Orange Interventions for Symptoms Associated With Dimethyl Sulfoxide During Stem Cell Reinfusions

A Feasibility Study

Pamela Potter, DNSc, RN, CNS; Seth Eisenberg, RN, OCN; Kevin C. Cain, PhD; Donna L. Berry, PhD, RN, AOCN, FAAN

Disclosures

Cancer Nurs. 2011;34(5):361-368. 

In This Article

Abstract and Introduction

Abstract

Background: For over 2 decades, oncology nurses at a regional comprehensive cancer center offered sliced oranges to patients during the reinfusion of autologous hematopoietic progenitor cells (HPCs) to relieve symptoms associated with the preservative dimethyl sulfoxide (DMSO). Objective: This randomized pilot study examined feasibility and efficacy of sliced orange intervention (OI), orange aromatherapy intervention (OAI), or deep breathing (control) to address unpleasant adverse effects during HPC infusion. Methods: Orange intervention sniffed or tasted a quartered orange, OAI sniffed orange aromatherapy, and control took deep breaths. Perceived "symptom intensity" for tickle/cough urge, nausea, retching, and perceived "relief" were measured on 0- to 10-point numerical scales. Results: Sixty of 72 eligible patients consented to participate and were randomized to OI (n = 19), OAI (n = 23), or control (n = 18). Study personnel successfully administered study procedures. Over the course of 2 bags of cells infused, the OI group reported significantly greater relief with the intervention (P = .032). Among participants less than 90 kg, OI group reported significantly lower symptom intensity (P = .012). Conclusions: Results suggest a feasible protocol and potential efficacy of sliced oranges for treating symptoms associated with DMSO-preserved stem cells. Study procedures provide a tested protocol for future studies. Follow-up study is warranted to confirm these findings and evaluate other treatment options. Implications for Practice: Oranges offer a simple, noninvasive intervention for relieving symptoms associated with DMSO preservative during autologous HPC infusion.

Autologous Hematopoietic Stem Cell Transplantation

Autologous hematopoietic stem cell (HPC) transplantation is a process in which stem cells are collected from a patient, cryopreserved in liquid nitrogen, and then reinfused after myeloablative chemotherapy. Although bone marrow has historically been the stem cell source, mobilized peripheral blood stem cells are now used in more than 95% of adult autologous transplants. Worldwide, 28 901 autologous transplants were performed at 1327 registered centers in 2006, more than onethird (10 348) in the Americas.[1] Autologous HPC transplantation is a viable treatment option for selected patients with lymphoma, multiple myeloma, leukemia, and autoimmune diseases.[2]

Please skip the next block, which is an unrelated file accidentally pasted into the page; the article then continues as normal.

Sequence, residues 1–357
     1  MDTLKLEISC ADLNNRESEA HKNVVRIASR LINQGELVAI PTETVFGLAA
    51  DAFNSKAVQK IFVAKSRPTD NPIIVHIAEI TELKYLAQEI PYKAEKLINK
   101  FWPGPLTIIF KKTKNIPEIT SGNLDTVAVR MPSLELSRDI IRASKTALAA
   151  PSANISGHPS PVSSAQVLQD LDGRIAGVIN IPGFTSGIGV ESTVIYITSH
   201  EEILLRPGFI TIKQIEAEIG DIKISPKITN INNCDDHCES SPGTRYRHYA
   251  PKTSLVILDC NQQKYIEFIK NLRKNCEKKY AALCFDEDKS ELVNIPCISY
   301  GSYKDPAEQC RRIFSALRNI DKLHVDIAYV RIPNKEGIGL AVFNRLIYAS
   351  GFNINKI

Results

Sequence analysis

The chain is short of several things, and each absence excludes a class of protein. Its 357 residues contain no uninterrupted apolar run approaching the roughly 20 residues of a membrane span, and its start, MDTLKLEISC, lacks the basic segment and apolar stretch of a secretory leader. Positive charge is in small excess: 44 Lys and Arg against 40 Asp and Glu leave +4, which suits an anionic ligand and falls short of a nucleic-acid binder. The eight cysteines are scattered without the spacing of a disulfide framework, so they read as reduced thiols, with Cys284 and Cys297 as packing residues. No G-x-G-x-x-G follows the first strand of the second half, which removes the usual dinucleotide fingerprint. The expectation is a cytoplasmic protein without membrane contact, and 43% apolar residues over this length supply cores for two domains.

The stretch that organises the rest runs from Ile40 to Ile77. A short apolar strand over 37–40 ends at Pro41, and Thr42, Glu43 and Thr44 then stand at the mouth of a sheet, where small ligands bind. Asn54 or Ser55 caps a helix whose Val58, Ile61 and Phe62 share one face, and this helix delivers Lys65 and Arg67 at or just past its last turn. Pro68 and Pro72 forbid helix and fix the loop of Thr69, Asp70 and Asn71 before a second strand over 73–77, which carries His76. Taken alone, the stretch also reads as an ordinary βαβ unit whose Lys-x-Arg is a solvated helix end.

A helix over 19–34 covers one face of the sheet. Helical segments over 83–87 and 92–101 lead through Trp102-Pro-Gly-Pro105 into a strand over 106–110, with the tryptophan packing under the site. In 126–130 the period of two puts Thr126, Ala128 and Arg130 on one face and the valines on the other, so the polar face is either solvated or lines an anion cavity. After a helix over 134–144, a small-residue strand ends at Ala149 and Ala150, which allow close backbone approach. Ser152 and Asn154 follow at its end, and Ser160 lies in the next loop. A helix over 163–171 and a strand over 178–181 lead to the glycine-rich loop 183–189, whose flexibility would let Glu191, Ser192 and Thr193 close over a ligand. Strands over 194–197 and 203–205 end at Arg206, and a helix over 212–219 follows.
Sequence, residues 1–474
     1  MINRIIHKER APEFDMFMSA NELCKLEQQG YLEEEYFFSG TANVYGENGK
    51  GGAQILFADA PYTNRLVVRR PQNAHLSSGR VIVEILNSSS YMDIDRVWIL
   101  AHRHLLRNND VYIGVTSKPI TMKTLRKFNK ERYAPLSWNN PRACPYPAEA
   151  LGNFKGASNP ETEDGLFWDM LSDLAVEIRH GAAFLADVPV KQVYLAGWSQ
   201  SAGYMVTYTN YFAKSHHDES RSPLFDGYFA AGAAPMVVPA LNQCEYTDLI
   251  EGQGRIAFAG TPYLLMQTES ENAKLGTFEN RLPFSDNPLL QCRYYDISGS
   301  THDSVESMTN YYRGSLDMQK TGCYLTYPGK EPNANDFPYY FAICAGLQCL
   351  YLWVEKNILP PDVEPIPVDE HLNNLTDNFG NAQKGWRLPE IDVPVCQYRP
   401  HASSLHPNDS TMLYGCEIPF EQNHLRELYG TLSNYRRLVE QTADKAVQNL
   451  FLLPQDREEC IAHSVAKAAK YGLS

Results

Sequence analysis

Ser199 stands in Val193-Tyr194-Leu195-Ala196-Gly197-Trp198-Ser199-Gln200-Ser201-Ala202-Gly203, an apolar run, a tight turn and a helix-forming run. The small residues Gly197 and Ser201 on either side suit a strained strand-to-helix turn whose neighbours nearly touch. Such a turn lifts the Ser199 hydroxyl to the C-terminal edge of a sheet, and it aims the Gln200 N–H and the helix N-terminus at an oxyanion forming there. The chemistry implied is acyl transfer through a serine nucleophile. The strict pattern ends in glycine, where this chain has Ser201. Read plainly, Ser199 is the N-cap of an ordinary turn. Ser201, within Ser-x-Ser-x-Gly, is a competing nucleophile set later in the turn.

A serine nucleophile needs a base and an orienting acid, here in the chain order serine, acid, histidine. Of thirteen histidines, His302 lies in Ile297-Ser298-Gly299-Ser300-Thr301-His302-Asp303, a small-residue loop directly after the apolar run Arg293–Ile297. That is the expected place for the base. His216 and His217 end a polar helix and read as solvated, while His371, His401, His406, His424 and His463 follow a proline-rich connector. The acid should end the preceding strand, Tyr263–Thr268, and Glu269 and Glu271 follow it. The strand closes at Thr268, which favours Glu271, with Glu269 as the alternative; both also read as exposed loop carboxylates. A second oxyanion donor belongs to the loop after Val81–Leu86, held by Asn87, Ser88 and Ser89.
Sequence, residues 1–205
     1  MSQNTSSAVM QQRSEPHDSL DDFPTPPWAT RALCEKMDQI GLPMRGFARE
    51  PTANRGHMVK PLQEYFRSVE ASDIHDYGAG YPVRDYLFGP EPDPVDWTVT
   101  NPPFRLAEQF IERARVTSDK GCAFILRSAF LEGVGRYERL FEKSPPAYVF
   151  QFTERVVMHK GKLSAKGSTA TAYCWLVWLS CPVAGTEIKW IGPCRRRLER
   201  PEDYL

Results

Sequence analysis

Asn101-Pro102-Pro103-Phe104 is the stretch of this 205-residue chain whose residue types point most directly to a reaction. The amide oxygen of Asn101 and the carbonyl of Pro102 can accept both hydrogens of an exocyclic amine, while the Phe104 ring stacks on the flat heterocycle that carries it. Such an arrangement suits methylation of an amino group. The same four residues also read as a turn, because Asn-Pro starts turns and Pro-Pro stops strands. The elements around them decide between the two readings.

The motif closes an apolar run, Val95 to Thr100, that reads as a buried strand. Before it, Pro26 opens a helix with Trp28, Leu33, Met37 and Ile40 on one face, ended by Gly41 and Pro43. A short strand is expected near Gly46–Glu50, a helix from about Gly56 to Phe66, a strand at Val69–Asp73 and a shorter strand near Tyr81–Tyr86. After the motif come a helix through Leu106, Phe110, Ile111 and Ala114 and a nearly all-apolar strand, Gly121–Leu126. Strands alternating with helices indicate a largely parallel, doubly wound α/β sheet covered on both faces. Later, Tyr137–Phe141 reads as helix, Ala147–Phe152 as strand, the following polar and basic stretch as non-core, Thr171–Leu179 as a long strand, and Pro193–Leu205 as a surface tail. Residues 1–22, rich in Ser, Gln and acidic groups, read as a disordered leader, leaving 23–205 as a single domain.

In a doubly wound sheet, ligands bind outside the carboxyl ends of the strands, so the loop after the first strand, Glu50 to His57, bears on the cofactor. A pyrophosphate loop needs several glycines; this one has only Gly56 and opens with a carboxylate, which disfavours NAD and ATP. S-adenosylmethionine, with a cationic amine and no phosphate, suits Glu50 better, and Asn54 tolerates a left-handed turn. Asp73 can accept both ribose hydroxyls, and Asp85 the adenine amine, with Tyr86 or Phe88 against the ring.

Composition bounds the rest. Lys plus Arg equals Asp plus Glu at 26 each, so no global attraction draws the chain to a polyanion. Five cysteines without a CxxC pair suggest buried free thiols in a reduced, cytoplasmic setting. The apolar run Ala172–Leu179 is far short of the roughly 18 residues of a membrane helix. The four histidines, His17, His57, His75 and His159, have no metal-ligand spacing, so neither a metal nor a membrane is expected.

Dimethyl sulfoxide (DMSO) is commonly used as a cryoprotectant for hematopoietic progenitor cells (HPCs).[3,4] A byproduct of the paper manufacturing industry, the agent is soluble in both aqueous and organic media and allows viable cryopreservation of cells for a prolonged period.[5–7] Although concentrations vary depending on transplant center, a 10% volume-per-volume solution of DMSO is commonly used.[3]

The reinfusion of HPCs preserved in DMSO is associated with numerous adverse effects including cardiac, renal, and gastrointestinal adverse effects and anaphylaxis.[7,8] Gastrointestinal discomfort, such as nausea and vomiting, may already be present because the stem cell reinfusion occurs 1 to 2 days after high-dose chemotherapy.[9]

Dimethyl sulfoxide and its metabolites dimethyl sulfone and dimethyl sulfide are excreted in the urine, skin, and lungs. Patient, family, and staff may experience throat irritation, coughing, nausea, and headache.[6] Excreted DMSO metabolites produce an intense, noxious odor, commonly described as smelling like garlic or creamed corn.[8] The serum half-life is approximately 20 hours, although the odor may linger for 24 hours or longer, depending on the number bags of cells, total infused volume, and concentration of DMSO.[4,5]

Successful engraftment is dependent on infusing a minimum number of CD34+ cells per kilogram of patient weight, usually 2.5 ×106, although different centers may use a higher or lower threshold. At the Seattle Cancer Care Alliance (SCCA), collections are frozen in aliquots varying in size between 30 and 70 mL. Depending on the number of days required for collection, patients may receive multiple bags of cells, which increases the amount of DMSO infused. Likewise, heavier patients require more CD34+ cells than lighter ones, increasing the number of cells required and potentially the number of bags.

Historical Use of Oranges

For the past 2 decades, oncology nurses at the Fred Hutchinson Cancer Research Center/SCCA have offered cut oranges to patients to help obviate throat irritation, coughing, and nausea from DMSO. The nurses had observed that many patients benefited from smelling and/or tasting an orange during the reinfusion.[10] However, despite its clinical use and apparent benefits, no study had been conducted to validate or refute the efficacy of this nurse-initiated treatment.

In a related study, precedence for using oranges in odor management was documented in a qualitative descriptive study of oncology nurses' experience with DMSO.[6] The nurses described the use of cut-up oranges, orange peel, or orange aromatherapy burners as environmental interventions placed in the patient's room to mask the odor of dimethyl sulfide excreted through the breath, skin, urine, and feces of patients within the first 24 hours of receiving stem cells preserved in DMSO.